Coronavirus: Holcomb Defends Virus Response, IOSHA Issues COVID-Related LTC Citations
The Indiana State Department of Health reported 190 additional confirmed deaths over the last week, bringing the state’s total to 3,894 – the largest reported in a single week since late May.
In the last week, the state has also reported more than 15,000 new COVID-19 cases, with more than 150,000 total confirmed cases. The state has reported more than 1,000 cases every day since Oct. 7 – including Thursday, Friday, Saturday and Sunday with more than 2,000 new cases each day.
Sunday’s seven-day moving average is 152.1 percent higher than when Indiana began Stage 5. The state’s hospital census fell slightly Sunday, after reaching 1,685 on Saturday – which was the highest since April 15. On Sunday, 1,666 Hoosiers were hospitalized with COVID-19.
Here are your statewide COVID-19 headlines from last week.
Gov. Eric Holcomb insists there is no need to reimpose statewide COVID-19 restrictions.
The average number of new cases has more than doubled since Holcomb moved Indiana to Stage 5 four weeks ago and withdrew almost all restrictions.
At his weekly press briefing on Wednesday, the governor said the state is in a much better place than early in the pandemic. He said hospital systems aren’t overwhelmed and the state’s personal protective equipment supplies are sufficient.
“We know a lot more about this. We know how to fight back," Holcomb said. "We know we can control what we can control – and that has to do with distancing, that has to do with masking up, that has to do with good hygiene.”
Holcomb announced Wednesday the state will devote significant resources to nursing homes across Indiana in the next few weeks.
COVID-19 cases and deaths are surging at nursing homes as the state infection rate spikes.
To respond, Holcomb said he will deploy the Indiana National Guard and members of the state’s health care reserve workforce to help staff those facilities.
“We’re going to be sending a lot of additional PPE – N-95 masks and gowns and face shields … kind of surgically meeting that surge with a surge of our own,” Holcomb said.
Nursing homes account for more than half of Indiana’s COVID-19 deaths.
Indiana is one of several states seeing a new wave of COVID-19 cases, with some counties getting hit harder than others, and the rising numbers are creating additional challenges for schools struggling to stay open.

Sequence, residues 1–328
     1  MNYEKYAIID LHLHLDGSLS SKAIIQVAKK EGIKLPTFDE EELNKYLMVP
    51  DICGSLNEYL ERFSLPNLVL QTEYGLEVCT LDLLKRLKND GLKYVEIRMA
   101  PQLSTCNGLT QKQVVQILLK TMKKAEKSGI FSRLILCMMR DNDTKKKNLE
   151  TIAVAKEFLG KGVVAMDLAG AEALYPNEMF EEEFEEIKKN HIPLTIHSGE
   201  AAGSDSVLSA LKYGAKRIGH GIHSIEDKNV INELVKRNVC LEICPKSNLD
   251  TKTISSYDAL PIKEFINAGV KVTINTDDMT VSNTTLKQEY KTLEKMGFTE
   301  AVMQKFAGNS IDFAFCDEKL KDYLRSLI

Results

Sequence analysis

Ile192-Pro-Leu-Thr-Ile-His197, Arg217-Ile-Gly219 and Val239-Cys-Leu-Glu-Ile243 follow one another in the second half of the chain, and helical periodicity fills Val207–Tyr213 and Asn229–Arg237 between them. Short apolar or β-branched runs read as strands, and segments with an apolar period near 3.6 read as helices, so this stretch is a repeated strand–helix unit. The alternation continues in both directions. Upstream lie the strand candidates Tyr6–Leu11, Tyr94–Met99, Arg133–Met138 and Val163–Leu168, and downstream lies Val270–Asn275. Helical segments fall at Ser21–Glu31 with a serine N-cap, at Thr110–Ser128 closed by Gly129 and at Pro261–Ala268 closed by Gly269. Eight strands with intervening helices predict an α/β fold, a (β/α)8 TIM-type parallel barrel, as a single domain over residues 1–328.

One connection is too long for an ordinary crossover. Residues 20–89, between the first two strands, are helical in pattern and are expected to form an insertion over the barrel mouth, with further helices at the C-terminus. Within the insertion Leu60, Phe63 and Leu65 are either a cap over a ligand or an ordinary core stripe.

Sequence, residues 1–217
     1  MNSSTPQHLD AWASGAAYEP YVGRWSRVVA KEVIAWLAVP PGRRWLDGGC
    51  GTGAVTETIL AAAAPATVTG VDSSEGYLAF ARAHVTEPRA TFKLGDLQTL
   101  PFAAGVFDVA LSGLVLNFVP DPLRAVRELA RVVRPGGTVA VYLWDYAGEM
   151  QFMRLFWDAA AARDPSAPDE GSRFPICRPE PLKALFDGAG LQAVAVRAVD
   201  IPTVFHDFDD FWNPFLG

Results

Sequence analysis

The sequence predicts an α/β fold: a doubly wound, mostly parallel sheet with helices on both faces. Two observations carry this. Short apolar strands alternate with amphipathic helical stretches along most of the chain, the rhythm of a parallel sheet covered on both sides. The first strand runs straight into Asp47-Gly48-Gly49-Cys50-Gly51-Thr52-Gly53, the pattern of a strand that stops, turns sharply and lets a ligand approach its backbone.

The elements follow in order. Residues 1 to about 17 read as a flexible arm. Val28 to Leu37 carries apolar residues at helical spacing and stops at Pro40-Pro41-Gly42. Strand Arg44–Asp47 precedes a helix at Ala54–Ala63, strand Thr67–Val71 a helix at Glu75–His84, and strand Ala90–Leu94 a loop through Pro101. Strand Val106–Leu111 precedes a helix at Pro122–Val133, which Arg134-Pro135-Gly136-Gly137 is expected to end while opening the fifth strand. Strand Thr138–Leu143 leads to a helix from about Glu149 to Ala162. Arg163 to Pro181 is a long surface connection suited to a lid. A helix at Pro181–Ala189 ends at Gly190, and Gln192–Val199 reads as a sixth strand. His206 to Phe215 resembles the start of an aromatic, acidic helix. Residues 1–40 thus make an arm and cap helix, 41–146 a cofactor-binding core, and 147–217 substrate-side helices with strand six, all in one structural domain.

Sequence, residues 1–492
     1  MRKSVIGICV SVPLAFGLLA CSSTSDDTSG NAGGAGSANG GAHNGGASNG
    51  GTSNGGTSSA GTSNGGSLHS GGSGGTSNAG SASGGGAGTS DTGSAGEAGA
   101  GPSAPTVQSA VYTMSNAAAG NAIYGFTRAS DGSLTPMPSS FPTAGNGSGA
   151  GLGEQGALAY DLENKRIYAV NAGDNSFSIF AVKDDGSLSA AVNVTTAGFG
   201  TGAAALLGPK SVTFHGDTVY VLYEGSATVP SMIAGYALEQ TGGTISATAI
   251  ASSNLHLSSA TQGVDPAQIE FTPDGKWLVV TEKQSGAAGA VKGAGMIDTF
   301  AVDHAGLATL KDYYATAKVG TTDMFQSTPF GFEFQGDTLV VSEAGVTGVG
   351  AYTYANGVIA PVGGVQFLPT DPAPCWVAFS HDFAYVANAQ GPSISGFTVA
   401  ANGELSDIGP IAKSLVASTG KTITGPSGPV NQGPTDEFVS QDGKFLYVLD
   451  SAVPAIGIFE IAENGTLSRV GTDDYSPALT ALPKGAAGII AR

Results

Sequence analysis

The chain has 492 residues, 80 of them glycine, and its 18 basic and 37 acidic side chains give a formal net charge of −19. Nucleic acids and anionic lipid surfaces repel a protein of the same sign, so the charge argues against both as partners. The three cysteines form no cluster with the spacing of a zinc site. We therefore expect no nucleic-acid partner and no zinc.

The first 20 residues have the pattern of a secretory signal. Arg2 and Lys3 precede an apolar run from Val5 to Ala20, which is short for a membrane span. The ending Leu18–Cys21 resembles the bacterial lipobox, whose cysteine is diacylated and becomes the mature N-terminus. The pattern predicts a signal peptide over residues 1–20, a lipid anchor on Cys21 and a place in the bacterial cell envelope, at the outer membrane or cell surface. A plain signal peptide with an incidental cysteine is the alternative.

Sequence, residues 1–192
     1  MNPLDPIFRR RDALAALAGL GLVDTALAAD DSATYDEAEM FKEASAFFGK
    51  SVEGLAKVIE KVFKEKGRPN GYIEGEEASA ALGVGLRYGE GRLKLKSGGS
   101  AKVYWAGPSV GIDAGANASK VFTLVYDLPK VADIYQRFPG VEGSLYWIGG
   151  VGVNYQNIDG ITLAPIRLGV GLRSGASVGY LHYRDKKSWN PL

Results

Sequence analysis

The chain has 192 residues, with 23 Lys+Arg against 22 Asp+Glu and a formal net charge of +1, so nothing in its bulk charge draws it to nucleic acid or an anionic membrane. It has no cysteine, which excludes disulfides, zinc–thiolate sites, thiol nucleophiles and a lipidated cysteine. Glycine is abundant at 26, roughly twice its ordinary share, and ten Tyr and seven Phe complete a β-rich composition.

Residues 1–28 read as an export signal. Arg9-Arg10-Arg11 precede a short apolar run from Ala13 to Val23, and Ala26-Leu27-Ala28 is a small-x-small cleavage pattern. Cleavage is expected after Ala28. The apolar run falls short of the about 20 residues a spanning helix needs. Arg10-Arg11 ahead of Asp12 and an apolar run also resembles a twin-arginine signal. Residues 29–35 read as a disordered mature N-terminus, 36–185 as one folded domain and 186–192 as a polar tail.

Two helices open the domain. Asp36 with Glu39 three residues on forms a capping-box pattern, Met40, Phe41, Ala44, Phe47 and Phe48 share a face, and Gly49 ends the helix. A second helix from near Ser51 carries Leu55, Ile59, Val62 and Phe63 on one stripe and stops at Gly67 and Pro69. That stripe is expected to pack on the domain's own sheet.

In Fountain and Warren counties, a spike in cases earlier this month prompted the local health department to issue new recommendations for schools. That list included recommendations to return students to remote learning and cancel extracurricular activities for two weeks.
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Covington Community School Corporation Superintendent Kevin Smith said the constantly changing situation makes it hard to provide a stable learning environment for staff, students and their families.
"Let's just be frank: this is a difficult environment to provide consistent educational opportunities in the rigorous and relevant manner that we believe we need to for our children," he said.
Research shows little to no evidence that schools are driving the new outbreaks.
Indiana’s Occupational Safety and Health Administration is citing two nursing homes for serious violations. It’s the first time major COVID-19 workplace citations have been issued by state authorities.
Wildwood Healthcare Center in Indianapolis is being fined almost $25,000, while Greenwood Healthcare Center, just south of the city, is being fined $7,000. Safety inspectors say the nursing homes failed to create procedures to ensure that employees are properly fitted for N95 masks or conduct required medical evaluations on employees who were required to wear them.
Both facilities are owned by the Ohio-based CommuniCare Family of Companies.
State health leaders are beginning to release their plans for distributing a COVID-19 vaccine — whenever one becomes available.
All states were required to submit draft distribution plans to the Centers for Disease Control and Prevention on Oct. 16. A number of Midwest states — including Indiana, Kentucky, Missouri and Ohio — have begun to make these drafts public.
The Indiana State Department of Health released its interim draft on Tuesday and — similar to other states — will follow a phased approach. The department said the first recipients of a COVID-19 vaccine will be health care workers.
This is a wide-ranging group that includes employees at hospitals, long-term care facilitates such as assisted living or skilled nursing facilities, outpatient facilities and pharmacies. Also on the list: dialysis centers, emergency medical services, frontline public health interventions and COVID-19 diagnostic and immunization teams.
Indiana’s unemployment rate fell to 6.2 percent in September, down 0.2 percent from its August rate. Despite the encouraging sign, the labor force – defined as the number of people working, or looking for work – shrunk significantly.
That number decreased by almost 20,000, two-thirds of them being previously employed. The biggest worker losses came from the education and health services sector and construction. The number of workers in manufacturing held steady, but did not increase for the first time in months.
Kosali Simon is an economist at the O’Neil School at Indiana University. She said when the labor force shrinks, there are concerns that potential workers have gotten discouraged.
“We don’t know exactly why, but what it means is that they’ve found it no longer worthwhile in some way to be still looking for work,” she said.